Center-Weighted average metering is used when shooting HD video in AE modes to help ensure stable motion-picture exposure with the camera automatically selecting the ISO speed, shutter and aperture. Full manual exposure control (shutter, aperture, ISO) is also available while shooting video when the camera is set to Manual mode. The shutter speed can be set from 1/30s for up to 30fps 1080 video, or from 1/60s for up to 60fps video. Maximum shutter speed for video is 1/4000s (it's 1/8000s for still images).
Video can be captured at full 1920 x 1080 resolution at frame rates of 24 (23.976), 25 or 30 (29.97) frames per second, for up to 4GB per clip. Movies are saved as MOV files and can be viewed in Full HD with HDMI output. Other recording sizes include HD at 1280 x 720 (50/60 (59.94) fps) or SD/VGA at 640 x 480 (50/60 (59.94) fps). The EOS-1D Mark IV has a built-in microphone for simple mono recording and stereo sound can be recorded through a self-powered external microphone.
As with all current DSLRs with video, focus via AF is set at the beginning of the exposure and there is no option for continuous focus tracking. Manual focus can be used and indeed it's the best option if you know that you will need to change focus during shooting. While it's possible to do "one shot" AF during shooting, focus will be slow and it will be likely to "hunt" if contrast detection AF is used.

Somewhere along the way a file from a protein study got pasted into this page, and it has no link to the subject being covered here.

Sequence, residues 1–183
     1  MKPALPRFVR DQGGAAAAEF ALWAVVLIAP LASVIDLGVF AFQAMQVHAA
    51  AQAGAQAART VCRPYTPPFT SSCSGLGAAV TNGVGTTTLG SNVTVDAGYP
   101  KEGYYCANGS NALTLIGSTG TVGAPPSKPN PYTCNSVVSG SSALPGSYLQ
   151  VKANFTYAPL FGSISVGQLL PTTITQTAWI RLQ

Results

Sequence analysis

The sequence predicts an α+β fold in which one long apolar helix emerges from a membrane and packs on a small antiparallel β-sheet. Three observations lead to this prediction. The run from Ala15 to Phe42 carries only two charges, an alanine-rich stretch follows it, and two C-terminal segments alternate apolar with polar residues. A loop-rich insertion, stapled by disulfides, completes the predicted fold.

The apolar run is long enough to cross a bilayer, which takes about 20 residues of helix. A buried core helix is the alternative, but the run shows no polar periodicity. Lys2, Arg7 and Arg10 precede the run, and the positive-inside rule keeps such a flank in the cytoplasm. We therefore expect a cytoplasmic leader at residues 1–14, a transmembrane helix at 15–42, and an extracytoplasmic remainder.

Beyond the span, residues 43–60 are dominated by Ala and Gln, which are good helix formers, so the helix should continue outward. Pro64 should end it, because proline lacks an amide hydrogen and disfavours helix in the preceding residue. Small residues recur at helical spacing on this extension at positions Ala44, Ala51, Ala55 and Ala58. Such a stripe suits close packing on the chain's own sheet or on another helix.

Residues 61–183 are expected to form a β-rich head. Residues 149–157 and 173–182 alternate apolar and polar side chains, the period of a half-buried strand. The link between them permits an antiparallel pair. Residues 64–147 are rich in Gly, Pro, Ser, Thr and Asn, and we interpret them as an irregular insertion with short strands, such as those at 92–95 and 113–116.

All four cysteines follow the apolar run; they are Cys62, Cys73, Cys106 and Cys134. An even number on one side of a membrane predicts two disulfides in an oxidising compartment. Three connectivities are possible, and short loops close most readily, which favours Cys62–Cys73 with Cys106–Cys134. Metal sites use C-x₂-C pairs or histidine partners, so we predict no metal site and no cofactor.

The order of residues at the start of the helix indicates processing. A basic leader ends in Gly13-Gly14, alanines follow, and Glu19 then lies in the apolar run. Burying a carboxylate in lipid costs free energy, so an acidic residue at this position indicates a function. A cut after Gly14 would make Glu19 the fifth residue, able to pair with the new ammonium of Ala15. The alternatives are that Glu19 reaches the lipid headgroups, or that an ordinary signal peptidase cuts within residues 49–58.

If you intend to shoot high resolution video (1080 HD) you will need a reasonably fast memory card to keep up with the data that the camera generates (about 330MB/min). The SanDisk Extreme Pro UDMA 6 cards seem to work well.
For any serious video work with sound you'll want an external microphone. While the built in mono mic is OK, it can be susceptible to wind noise. A quality external stereo microphone will be capable of recording much better audio.
While Canon has offered peripheral illumination correction (also known as vignetting correction) in DPP when doing conversions from RAW image files for quite a while, the Canon EOS 1D MkIV can apply the same corrections to in-camera JPEGs when certain Canon lenses are used. The camera has a database of about 20 Canon lenses. The Canon OS Utility software can be used to check which lenses are in the database and to add others for which the data is available.
The Canon EOS 1D MkIV includes a highlight tone priority (HTP) setting. This reduces the clipping of bright highlights. It appears to work by using a nonlinear amplifier gain setting to the sensor data, which effectively could be considered to be the equivalent of shooting the highlights at an ISO setting about one stop slower than the shadows. HTP can be used with ISO settings from 200 to 12800. HTP can be effective at increasing highlight detail, at the possible cost of slightly noisier shadows.